Wednesday, June 1, 2011

"my body is not a symbol of oppression"

Marianne Kirby reblogged a piece of art on tumblr today which showed a fat white man squishing a very thin black man in a circle- yin and yang in disturbing imbalance. The message of the western white world's overindulgence and greed and it's effects on the poor and starving were obvious, but the fact that we all know what fat and thin symbolize, especially in political cartoons, doesn't make it less offensive. Being well known doesn't make it right. This was Marianne's response to the art piece (Marianne in bold):



It’s also the conflation of fatness with overconsumption - which makes me wince even as I WANT to support the message it’s trying to send. As a fat person, I get nervous when fat people are used to illustrate the oppressions perpetrated by *fill in the blank* Western culture. My body is not a symbol of oppression.
(reply to Marianne:) overindulgence and greed have been associated with fat dating all the way back to ancient greece. i’m not saying i agree, i’m just saying this artist is illustrating his point with means in which a general audience can and have been able to understand for a very very long time. also, i think this painting is extremely evocative.
OF COURSE it’s evocative (I didn’t say it wasn’t, nor did I imply that the audience wouldn’t get it) - but it’s evocative in a way that does active harm to how fat people are viewed and treated. I’m not going to use offensive stereotypes of other oppressed groups to raise up fat activism - I’d appreciate it if my body weren’t villianized in return. Again, my body is not a symbol of oppression - nor is it a symbol of overindulgence and/or greed.
I am with her 100% on this.
As Marianne points out- this is a message that I want to believe in. The fact is that we do revel in our greed and our excess while almost literally stepping on the poor to get what we want. This doesn't just apply to starving people overseas but even the classism that goes on in our very own country. The bottom classes are used and abused so the wealthy can get where they are and then have to endure accusations that they're the lazy ones and that they are worth less as human beings. It's a good message. But, as Marianne also points out, it's a message that piggybacks on the oppression of others. It spreads it's message by contributing to a culture of fat hate.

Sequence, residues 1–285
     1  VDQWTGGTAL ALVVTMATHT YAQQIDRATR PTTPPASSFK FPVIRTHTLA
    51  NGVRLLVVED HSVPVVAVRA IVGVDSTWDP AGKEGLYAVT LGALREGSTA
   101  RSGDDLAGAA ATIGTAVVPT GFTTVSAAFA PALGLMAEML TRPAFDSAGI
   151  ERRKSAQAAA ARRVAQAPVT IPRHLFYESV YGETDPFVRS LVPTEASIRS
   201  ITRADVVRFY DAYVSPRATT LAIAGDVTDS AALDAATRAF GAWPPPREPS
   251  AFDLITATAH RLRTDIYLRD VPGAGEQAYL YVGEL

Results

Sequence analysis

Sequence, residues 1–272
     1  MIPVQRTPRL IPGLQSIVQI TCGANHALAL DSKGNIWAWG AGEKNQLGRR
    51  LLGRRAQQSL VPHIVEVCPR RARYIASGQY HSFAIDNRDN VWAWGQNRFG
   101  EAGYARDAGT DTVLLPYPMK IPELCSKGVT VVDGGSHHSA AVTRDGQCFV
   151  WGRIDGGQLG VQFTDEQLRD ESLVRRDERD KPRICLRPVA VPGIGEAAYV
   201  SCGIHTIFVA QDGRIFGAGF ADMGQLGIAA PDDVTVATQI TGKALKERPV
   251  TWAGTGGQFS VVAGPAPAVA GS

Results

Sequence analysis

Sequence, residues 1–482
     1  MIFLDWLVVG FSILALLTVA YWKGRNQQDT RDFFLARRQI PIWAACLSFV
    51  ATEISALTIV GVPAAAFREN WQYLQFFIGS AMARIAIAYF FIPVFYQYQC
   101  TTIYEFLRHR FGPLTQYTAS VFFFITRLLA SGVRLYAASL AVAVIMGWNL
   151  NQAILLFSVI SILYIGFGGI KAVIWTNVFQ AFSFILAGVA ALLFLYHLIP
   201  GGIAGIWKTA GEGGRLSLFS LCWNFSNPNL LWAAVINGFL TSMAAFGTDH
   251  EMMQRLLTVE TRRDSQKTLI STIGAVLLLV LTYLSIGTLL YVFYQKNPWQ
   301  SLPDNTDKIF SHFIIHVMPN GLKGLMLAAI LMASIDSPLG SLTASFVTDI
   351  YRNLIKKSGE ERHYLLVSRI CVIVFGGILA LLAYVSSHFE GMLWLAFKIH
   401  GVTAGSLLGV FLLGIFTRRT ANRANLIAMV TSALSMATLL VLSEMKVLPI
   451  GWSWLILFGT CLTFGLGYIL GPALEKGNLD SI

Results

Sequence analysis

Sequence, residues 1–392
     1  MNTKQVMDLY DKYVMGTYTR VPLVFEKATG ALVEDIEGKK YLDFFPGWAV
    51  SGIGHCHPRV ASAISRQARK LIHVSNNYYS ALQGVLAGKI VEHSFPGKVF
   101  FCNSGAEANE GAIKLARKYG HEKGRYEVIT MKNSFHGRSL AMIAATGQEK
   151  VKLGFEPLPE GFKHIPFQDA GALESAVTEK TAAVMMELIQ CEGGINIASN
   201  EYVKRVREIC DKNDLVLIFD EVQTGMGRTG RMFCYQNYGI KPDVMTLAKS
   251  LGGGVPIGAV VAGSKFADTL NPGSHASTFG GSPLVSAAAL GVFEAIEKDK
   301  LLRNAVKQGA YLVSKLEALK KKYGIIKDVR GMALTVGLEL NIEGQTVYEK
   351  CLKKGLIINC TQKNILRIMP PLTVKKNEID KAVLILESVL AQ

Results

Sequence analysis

This piece of art uses every stereotype of the fat person available- they're greedy, gluttonous (as the fat man sits with a piece of pizza balanced on  his chest, crumbs trailing across him), and, apparently, the cause of world hunger. It's not the first time I've heard that accusation, by the way. When I asked some people on reddit.com what they thought of fat people more than one said that they thought of how many people and families could be fed with what the fat person ate. Cause that's what we do you know.. we eat. A lot. Apparently enough for several families.. and thin people eat only enough to survive. According to Marilyn Wann in Fat!So? "One group of researchers tracked six thousand people, but could find no correlation between what they weighed and how much they ate" and a recent study from our neighbors to the north found that fat kids ate less than thin kids. Yes, a starving person will eventually get very very thin.. but the solution isn't to blame and mock people just because they're not starving. 
Fat people have been blamed for everything from world hunger to global warming to disease. I've seen perfectly reputable environmental sites say that fat people were behind climate change because we drive to eat fast food so often, use more resources, waste more, etc. We are causing the end of the world! Sounds a bit over dramatic and sensationalist doesn't it? I know that it's symbolism and it's just to make a point.. but it's making a point with my body. And it's not a cautionary tale or a warning or a symbol or a metaphor for society's woes. Fat people have to actually live in their bodies. We have to work and cook and clean and have sex and raise children and socialize in the bodies we have. You don't live in them, you can't judge them. Not your body, not your right. 
Statements like the one made in this art piece are relying on judgmental stereotypes to make sure everyone knows what the point is- without the fatphobia and sizism that exists in our culture, no one would get the message- it specifically relies on bigotry to portray it's point. There is just something inherently wrong with that. Worse, it contributes to that bigotry. Making a statement by oppressing and abusing another group of people is probably not the best way to go about it. 
(*If you don't follow Marianne on tumblr do so! It's awesome!)

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